Tags:School Innovation ServicesTe Tupu Managed Moves

5 min read

Alternative approach: The story of Te Tupu Managed Moves

Stand downs, suspensions, exclusions and expulsions are difficult decisions for any school to make. And in almost every single case, they are decisions that have long-lasting negative impacts for the students and whānau involved.

For a group of Napier principals, such punitive measures were far from ideal – yet there remained (and remains) a significant gap in our education system around more restorative measures for students who face challenges in school. Taking the issue into their own hands, they began the process of building a better system to support these students – which has become Te Tupu Managed Moves.

Creating new sources of support for students

Te Tupu Managed Moves is an amalgam of many different organisations that share resources to support children who struggle to integrate into mainstream education. As Te Tupu Co-ordinator Damien Izzard notes, it’s a vital space to work in.

“Without a shadow of a doubt, we exist to address gaps in the current education system. We are working with students who haven’t been in education for a year, sometimes more – and at the age of year 4 or 5, that’s a critical formative time in their learning and development.”

It is a gap that many principals in the region wanted to address formally but needed support to get ideas up and running.

“We worked with a group of Napier principals initially, thinking the main challenges of stand downs, transients and disengagement applied to year 5-8 students. After engaging Waikato University to provide us with quantitative evidence to support our case, we realised the age range was bigger.”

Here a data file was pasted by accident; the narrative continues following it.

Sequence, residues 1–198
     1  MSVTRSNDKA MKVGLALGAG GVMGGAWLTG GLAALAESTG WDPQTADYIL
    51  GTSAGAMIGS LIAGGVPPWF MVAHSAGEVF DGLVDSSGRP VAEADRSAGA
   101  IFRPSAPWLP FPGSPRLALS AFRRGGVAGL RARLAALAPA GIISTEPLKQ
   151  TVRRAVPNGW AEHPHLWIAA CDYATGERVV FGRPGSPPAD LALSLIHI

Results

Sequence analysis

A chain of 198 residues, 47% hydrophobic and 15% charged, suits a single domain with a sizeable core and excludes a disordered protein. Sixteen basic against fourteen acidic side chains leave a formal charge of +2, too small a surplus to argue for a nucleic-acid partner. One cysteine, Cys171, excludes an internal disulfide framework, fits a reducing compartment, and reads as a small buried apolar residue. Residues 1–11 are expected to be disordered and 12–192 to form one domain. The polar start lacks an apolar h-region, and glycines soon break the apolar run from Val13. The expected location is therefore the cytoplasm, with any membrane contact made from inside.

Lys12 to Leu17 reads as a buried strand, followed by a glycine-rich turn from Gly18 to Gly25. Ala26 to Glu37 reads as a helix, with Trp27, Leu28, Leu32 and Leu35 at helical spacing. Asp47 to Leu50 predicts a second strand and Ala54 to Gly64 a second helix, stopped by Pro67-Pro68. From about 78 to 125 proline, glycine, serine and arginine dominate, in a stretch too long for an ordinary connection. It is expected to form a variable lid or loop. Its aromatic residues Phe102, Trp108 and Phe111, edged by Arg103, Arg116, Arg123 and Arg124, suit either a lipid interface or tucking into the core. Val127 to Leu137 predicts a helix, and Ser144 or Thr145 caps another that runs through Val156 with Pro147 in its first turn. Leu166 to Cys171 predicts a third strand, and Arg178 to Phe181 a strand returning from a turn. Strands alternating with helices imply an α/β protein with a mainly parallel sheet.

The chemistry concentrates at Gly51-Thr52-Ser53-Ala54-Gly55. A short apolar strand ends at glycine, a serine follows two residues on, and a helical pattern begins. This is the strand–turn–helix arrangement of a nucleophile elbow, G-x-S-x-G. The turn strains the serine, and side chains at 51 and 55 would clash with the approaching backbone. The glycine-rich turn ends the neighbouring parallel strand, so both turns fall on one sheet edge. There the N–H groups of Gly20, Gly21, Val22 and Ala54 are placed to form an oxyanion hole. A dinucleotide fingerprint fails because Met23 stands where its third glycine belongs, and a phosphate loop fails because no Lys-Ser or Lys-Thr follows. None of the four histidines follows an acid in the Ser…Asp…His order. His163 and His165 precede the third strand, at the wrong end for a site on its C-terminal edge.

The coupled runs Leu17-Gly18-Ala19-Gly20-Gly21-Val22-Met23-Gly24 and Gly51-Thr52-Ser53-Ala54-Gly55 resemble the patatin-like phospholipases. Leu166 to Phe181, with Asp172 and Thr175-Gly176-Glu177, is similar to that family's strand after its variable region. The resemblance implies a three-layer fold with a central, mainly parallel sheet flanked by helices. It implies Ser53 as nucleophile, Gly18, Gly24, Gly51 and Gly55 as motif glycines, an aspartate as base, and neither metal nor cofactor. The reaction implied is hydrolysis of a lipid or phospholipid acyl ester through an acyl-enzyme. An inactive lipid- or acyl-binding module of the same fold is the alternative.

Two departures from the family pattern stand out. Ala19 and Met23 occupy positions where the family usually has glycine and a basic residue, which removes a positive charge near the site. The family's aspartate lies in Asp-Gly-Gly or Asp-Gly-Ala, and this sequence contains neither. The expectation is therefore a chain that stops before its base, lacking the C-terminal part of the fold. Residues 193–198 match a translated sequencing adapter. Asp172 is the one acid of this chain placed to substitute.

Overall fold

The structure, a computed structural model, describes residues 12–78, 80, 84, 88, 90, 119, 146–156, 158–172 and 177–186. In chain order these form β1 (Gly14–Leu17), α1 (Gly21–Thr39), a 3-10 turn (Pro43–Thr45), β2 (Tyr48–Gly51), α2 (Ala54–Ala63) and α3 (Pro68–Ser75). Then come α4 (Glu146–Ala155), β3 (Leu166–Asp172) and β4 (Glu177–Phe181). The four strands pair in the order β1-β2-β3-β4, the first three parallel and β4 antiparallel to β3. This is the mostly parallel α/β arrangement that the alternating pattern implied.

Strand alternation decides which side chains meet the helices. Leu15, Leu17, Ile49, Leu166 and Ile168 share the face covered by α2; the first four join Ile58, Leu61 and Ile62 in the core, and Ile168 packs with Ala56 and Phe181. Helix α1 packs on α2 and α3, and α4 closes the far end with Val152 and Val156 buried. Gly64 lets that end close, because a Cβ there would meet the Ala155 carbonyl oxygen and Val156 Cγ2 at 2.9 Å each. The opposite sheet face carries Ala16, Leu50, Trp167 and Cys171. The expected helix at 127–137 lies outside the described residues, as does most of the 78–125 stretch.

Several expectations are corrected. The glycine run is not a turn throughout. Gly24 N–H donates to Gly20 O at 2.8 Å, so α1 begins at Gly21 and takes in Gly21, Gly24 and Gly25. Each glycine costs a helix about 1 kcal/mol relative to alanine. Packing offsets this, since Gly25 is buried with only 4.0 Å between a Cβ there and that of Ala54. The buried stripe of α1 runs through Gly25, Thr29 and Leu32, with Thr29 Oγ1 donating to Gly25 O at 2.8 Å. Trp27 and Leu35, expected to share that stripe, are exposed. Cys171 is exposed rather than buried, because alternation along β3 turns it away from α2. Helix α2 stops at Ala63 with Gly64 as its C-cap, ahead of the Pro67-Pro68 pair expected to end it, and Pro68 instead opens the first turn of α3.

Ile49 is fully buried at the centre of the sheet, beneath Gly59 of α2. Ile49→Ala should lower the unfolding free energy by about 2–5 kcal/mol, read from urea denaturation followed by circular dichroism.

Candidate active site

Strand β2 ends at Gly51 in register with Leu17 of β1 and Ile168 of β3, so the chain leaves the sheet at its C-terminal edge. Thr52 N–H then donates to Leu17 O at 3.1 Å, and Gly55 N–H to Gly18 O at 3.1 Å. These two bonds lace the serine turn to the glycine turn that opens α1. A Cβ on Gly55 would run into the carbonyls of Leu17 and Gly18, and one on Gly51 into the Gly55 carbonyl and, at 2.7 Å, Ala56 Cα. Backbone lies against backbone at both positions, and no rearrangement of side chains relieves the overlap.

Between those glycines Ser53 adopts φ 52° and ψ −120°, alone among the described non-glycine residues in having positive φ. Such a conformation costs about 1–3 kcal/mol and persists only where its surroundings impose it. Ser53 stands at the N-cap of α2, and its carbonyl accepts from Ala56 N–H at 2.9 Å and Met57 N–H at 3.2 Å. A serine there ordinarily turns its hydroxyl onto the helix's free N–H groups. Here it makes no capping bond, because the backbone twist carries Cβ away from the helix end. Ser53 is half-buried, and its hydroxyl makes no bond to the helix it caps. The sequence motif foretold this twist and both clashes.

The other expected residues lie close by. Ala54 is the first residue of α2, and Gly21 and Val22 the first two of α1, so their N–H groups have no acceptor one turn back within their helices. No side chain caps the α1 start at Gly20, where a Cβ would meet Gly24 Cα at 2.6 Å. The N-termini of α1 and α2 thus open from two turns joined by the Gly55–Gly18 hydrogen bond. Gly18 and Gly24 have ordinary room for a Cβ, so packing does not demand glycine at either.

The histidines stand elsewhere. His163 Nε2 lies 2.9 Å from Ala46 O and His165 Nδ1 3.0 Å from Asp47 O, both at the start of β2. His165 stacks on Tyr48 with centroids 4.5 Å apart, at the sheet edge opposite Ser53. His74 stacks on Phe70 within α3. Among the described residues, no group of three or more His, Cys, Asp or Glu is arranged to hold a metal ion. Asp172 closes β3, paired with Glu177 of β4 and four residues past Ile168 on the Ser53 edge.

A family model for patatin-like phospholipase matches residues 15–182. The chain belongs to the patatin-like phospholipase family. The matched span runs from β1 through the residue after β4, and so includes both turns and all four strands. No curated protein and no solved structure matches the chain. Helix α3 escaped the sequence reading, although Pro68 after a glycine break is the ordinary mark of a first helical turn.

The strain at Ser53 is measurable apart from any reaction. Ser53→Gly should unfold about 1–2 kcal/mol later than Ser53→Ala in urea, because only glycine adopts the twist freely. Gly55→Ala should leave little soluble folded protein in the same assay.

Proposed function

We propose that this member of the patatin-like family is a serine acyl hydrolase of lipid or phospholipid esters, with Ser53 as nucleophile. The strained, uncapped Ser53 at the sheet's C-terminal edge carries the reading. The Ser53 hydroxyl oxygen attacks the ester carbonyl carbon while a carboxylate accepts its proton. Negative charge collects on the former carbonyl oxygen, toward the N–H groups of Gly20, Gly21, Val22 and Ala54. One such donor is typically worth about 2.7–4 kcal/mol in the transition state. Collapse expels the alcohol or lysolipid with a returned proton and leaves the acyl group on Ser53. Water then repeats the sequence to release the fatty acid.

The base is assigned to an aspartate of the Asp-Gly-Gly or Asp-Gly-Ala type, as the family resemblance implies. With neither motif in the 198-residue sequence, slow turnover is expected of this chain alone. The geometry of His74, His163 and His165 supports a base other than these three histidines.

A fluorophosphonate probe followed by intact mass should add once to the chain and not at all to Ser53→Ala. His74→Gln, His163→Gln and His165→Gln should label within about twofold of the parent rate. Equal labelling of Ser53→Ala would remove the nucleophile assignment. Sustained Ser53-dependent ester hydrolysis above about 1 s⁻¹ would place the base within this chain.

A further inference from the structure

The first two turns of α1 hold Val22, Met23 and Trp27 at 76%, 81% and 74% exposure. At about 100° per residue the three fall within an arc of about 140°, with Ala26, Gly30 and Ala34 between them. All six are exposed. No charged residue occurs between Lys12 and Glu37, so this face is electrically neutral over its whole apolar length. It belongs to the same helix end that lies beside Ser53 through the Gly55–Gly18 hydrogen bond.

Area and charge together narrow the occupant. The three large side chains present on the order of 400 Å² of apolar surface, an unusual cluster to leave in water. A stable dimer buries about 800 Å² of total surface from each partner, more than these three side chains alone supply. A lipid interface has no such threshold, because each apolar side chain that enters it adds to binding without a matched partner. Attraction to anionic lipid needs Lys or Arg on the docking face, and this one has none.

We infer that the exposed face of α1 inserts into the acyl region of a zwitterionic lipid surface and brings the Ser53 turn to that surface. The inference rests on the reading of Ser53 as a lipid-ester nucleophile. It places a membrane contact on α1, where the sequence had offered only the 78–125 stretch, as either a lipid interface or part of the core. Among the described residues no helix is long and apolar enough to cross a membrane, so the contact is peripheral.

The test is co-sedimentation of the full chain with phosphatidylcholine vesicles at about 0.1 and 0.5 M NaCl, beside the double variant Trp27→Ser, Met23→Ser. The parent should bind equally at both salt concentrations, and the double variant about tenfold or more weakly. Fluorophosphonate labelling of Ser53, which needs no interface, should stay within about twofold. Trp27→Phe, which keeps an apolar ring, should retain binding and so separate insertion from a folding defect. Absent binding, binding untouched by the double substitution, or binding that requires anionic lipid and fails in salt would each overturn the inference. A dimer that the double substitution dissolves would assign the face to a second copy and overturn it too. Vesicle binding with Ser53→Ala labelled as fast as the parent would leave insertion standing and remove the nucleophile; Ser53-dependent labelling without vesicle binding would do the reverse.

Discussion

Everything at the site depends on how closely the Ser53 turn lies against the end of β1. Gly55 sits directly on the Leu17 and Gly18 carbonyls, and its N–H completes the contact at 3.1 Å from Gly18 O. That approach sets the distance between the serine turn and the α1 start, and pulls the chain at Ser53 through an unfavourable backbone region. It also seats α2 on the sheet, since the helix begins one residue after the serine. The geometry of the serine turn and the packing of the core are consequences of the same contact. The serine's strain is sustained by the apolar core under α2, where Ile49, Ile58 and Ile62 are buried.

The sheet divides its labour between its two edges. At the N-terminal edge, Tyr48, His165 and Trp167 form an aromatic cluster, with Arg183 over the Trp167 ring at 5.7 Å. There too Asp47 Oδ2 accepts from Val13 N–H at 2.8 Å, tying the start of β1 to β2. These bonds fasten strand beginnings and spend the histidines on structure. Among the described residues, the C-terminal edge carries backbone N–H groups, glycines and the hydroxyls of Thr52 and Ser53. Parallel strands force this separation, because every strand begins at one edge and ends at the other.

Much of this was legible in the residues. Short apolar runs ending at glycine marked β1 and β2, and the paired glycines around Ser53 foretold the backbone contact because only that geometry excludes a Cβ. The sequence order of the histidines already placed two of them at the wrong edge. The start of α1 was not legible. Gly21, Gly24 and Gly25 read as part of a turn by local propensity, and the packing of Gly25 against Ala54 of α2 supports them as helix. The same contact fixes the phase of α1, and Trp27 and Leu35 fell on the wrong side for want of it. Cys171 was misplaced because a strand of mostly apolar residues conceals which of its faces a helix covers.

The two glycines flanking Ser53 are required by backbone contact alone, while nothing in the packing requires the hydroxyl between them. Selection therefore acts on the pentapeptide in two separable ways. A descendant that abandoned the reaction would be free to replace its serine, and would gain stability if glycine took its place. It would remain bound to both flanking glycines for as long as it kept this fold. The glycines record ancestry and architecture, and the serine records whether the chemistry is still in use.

With a clear focus and hard data, Te Tupu began engaging a whole host of organisations who could support these students: Ministry of Education, Ministry of Health, Oranga Tamariki and a series of locally based and Māori-focused organisations.

After presenting their case to then-Associate Minister for Education Tracey Martin, they received funding to roll out Te Tupu Managed Moves for three years.

Te Tupu team members Damien Izzard and Charisse Cardie.

How Te Tupu Managed Moves works

At its core, Te Tupu Managed Moves is about sharing resources to provide support to students facing a crisis point in their education and giving them a pathway back into schools.

“We can take on around 10 students at a time,” Damien says, “and give them a tailored learning and support environment. Every child has an individualised programme, that we work on with their whānau, school and relevant community organisations. It’s a true wrap-around approach – a lot of the reasons kids might be with us are out-of-school factors, that need out-of-school solutions.”

The original plan was for a student to stay with Te Tupu for around 10 weeks, but the highly personalised nature of the support means that time can vary.

“Some students will be with us for just two or three weeks, while some longer than 10 weeks. We’re built to be adaptable to the child’s needs, supporting them with whatever they need, be it dealing with the stress of a bus trip or helping them with longer-lasting trauma.”